Heather, Missed

I’d miss your witty conversation, if you’d ever bother to call.
I’d miss your comforting company, if you’d comfort me at all.
I’d miss your ideas and insights, if you’d ever stop to think.
I’d miss your sober celebrations, if you’d put down your drink.
I’d miss your gift to listen, if you’d ever let me speak.
I’d miss your self confidence, if you’d stop saying you’re a freak.
I’d miss your humble aspirations, if you’d turn the mirror away.
I’d miss your permanence and presence, if you’d ever stay.
I’d miss your praise and admiration, if you’d meant a word you said.
I’d miss your drive and determination, if only they weren’t dead.
I’d miss your joy and happiness, if ever did exist.
I’d miss your being with me, if only you’d be missed.

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A Leaf Floated Slowly

A leaf floated slowly, twisting, spiraling ever so slowly, dancing on the wind. Finally, it settled, next to the sole of a black shoe. A shoe, worn to match an ebon ensemble, worn, to signify sorrow. A guest, a friend, invited to mourn the passing of a life. The loss of a father.

The priest, the only one in white, intoned holy blessings to the Father, as the widow wept. The guests, some friends, others, fellow workers, stood in silent testimony to the departed one.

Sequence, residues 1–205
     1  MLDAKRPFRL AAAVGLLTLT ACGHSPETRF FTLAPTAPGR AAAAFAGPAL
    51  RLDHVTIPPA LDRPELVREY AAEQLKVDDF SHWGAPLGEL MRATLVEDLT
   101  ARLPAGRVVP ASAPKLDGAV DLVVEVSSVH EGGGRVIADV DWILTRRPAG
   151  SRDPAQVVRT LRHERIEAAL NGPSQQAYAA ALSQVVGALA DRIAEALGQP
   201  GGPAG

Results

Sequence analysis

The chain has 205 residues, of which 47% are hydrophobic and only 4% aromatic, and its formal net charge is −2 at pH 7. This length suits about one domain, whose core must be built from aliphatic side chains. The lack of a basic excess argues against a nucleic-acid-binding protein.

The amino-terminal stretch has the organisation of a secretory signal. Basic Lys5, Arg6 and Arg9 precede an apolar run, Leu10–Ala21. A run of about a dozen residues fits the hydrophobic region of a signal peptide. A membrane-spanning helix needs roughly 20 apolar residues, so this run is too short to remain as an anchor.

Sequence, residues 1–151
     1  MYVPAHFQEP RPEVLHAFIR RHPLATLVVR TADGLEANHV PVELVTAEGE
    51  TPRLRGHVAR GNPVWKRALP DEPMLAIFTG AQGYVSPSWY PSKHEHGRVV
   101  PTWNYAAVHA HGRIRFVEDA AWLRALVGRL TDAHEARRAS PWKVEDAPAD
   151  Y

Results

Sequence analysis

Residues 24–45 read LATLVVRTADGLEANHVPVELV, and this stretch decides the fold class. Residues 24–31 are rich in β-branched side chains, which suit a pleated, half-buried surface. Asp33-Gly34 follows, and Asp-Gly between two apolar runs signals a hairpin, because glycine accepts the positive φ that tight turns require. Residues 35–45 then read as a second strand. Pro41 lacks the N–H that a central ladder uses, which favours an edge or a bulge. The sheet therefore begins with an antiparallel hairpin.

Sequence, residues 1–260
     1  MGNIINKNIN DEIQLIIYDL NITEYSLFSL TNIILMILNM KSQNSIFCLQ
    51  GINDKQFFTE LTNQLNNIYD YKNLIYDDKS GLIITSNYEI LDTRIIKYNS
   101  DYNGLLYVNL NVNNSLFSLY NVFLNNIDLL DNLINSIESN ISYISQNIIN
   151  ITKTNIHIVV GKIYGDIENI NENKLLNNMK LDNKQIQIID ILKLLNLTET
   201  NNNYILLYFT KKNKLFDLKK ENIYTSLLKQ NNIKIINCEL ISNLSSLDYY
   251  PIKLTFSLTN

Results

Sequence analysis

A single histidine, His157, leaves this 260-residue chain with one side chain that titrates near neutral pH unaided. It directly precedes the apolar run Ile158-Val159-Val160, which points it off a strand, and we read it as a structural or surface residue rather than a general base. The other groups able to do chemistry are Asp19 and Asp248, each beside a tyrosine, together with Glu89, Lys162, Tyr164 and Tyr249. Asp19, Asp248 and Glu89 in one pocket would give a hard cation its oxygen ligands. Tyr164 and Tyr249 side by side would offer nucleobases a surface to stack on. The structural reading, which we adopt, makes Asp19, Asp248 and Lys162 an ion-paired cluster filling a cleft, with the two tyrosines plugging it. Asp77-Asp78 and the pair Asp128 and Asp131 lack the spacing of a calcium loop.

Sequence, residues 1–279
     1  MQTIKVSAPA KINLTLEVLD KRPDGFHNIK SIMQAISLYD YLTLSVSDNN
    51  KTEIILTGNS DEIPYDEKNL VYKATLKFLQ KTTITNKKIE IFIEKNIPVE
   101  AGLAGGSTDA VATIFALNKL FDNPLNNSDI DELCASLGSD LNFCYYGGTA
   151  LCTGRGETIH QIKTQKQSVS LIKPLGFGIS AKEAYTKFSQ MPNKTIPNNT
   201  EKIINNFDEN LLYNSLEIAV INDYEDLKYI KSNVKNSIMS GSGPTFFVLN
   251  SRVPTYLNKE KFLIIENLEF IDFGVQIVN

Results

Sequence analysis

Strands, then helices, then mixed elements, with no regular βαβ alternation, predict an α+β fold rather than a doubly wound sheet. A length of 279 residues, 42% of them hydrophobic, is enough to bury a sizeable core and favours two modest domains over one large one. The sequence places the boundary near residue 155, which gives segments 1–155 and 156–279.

Only one stood apart. Alone in his grief, alone always, the son awaited the end of it all. He listened half-heartedly, as the holy man droned on, not hearing the words, or his mother’s grief. Lost in himself, he looked on, dry-eyed, as his father was painstakingly lowered into the waiting earth. He watched as the coffin disappeared forever into its final showcase.

It was beautiful; a pale white, embossed roses lining its rim, polished silver handles, a pair of doves carved into the top. It was magnificent. It had cost. The son smiled slowly, enjoying the irony. A bitter, cruel man, never very pretty, in soul or face, had wished to be buried in a work of art. No worry, they were rich. They knew it; with limos for every guest, tuxedos too, flowers by the hundred, expensive chapel, expensive priest. No, there was no want for luxury, but it would not buy a tear from the son. He felt no loss today, only joy.

The son moved to his mother, to comfort her in her anguish. The funeral ended, all left. The gravediggers set to work, covering another plot. Another grave, another stiff. Just one more satisfied customer.